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Omega Art Collection Watches

September 18, 2023
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Pop-up display of Omega Art Collection Watches at Kalmar Antiques, November/December 2023

What makes a watch good? The answer comes down to movement - the movement inside the timepiece and the movement which influences its design. When these two worlds collide, we are left with the concept of wearable art; the idea that beauty and functionality should co-exist and that on the occasions they do, truly good design is achieved. The Omega Art Collection released in 1987 is a moment in history when this achievement can be pinpointed. The Art Collection was a collaboration between Omega watches and 10 renowned artists from the concrete art movement including Max Bill, Richard Paul Lohse and Paul Talman. These timepieces were created in the spirit of Bauhaus, with a node to simplicity and functionality, taken from the gallery walls and placed on the wrist.

The Omega Timepiece

The concept of an art series of Omega watches was conceived by Managing Director, Ernest Thomke. The watch cases were designed in a minimalist, monochromatic style using a new scratch-resistant ceramic alloy designed by Hans Zaugg. The dial designs feature black or white baton hands and aperture date window. The three basic ceramic models include the maxi-40mm, midi-32mm and mini-22.3mm dial sizes, fitted on black calfskin leather straps with blackened metal pin buckles. The design of the medallions featuring the artist's works and attaching to the case back of each timepiece was engineered by Gerhard Saner. The timepiece designs are bold, minimalist and sleek, embracing the simple forms and basic colour palettes synonymous with the design aesthetic of the concrete art movement.


Birthed From Bauhaus

The Bauhaus school of design was founded by architect Watler Gropius in Weimar, Germany in 1919. His key design principle was that of 'form following function', relating to the deconstruction of object design to the intended function of the item. Thus, allowing the utilitarian purpose of items to lead the design process. The Arts and Crafts movement of the late Victorian era was a response to the industrialisation of manufacturing, which had caused a disconnect from the world of artists and craftspeople. Not only did the ideals of Bauhaus forge a new design aesthetic of simplified designs, but it coincided with the rise of 20th century industry. Riding the tide of mass production, the Bauhaus principle of 'Art into Industry' repositioned the work of artists and craftspeople to embrace this era of manufacturing and not be left in its wake.

Omega Art Collection Watch, Max Bill 1987

Paving the Way for Concrete Art

The ideals of Bauhaus had paved the road for fine art and functional design to work in unison. This radical notion of art being a part of industrial progress and not suffering due to it, inspired a new generation of artists. One of the movements inspired by these principles was that of concrete art, which took the principles of Bauhaus one step further, rejecting the ideal that art needed to represent anything other than its tangible existence. "A pictorial element has no other meaning than 'itself' and thus the picture has no other meaning than 'itself'", was the mantra of Theo Van Doesburg whose manifesto was the impetus of the concrete art movement. The artist who popularised the movement from the 1930's onwards, was Swiss artist and Bauhaus alumni, Max Bill, whose artworks visualised mathematical formulas and modern scientific theories, such as space-time relativity. The design aesthetic of this movement were based in bold lines, geometric shapes and solid planes of colour, arranged in precise compositional structures.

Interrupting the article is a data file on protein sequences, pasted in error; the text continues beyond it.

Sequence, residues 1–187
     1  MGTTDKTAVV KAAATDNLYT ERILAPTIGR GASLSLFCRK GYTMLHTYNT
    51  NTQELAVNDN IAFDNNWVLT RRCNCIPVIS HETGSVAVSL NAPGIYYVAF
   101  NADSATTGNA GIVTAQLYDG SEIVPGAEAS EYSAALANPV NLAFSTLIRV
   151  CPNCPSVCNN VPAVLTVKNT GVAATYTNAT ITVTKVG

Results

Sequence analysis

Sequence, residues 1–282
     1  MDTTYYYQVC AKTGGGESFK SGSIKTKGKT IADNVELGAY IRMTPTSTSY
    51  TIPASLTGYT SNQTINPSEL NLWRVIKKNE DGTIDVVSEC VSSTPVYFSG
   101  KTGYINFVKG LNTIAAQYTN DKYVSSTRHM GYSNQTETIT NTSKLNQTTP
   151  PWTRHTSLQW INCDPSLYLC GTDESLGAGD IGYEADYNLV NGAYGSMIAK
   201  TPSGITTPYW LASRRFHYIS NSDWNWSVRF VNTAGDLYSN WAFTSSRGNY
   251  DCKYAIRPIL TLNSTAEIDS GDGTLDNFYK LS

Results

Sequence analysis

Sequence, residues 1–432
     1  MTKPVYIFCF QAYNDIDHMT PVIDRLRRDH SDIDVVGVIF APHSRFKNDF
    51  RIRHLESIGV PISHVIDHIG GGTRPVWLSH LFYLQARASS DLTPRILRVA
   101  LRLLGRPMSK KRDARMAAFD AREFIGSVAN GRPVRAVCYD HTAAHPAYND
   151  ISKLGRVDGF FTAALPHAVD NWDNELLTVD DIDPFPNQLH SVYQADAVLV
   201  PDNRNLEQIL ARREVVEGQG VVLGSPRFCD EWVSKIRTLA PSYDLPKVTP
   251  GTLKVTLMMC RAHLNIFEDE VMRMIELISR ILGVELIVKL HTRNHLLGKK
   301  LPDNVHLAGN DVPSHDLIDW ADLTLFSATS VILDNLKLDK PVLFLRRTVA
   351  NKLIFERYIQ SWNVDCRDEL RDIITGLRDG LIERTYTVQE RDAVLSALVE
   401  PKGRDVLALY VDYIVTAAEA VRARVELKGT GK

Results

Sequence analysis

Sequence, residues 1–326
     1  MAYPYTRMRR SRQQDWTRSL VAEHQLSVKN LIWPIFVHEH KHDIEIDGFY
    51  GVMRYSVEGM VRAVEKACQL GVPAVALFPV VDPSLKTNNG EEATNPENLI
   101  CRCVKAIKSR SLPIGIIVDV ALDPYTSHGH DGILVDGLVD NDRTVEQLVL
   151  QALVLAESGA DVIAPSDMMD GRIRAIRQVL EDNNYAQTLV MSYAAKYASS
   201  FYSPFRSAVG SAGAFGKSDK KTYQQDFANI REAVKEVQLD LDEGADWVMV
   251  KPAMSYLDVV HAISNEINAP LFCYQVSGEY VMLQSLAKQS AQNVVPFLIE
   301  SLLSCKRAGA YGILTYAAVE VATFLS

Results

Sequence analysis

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Omega Art Collection Watch, Paul Talman 1987

The Collaboration

The Bauhaus desire to fuse art and functionality was the fertile ground of which the concrete art movement was able to blossom. The specific interest in mathematical and scientific formulas that influenced the work of leading artists of the movement, such as Max Bill, coincided with the technical world of horology. The collaboration of concrete art which celebrated the technical advances of humans, joined with the wristwatch, an engineering feat of mankind and a device that's purpose was to measure time, can be described simply as poetry in motion.

The Artists

  • Max Bill
  • Paul Talman
  • Valerio Adami
  • Camille Graeser
  • Fritz Glarner
  • Al Held
  • Kenneth Noland
  • Arnaldo Pomodoro
  • Emilio Tadini

The Omega Art Collection watches remain highly collectable timepieces that are a unique part of art and horological history. These pieces are not for sale but will be on display for a limited time at Kalmar Antiques from November until December 2023.

Shop Omega Watches


The Bauhaus, 1919–1933 | Essay | The Metropolitan Museum of Art | Heilbrunn Timeline of Art History (metmuseum.org)

Omega Max Bill Art Watch 954/999 made 1987 | limited edition mid-sized quartz vintage wristwatch - Black Bough | Ludlow

Concrete Art Movement Overview | TheArtStory

Watch Of The Week: Why I Still Love My Junghans Max Bill - Hodinkee

Bill, Max (bauhauskooperation.com)

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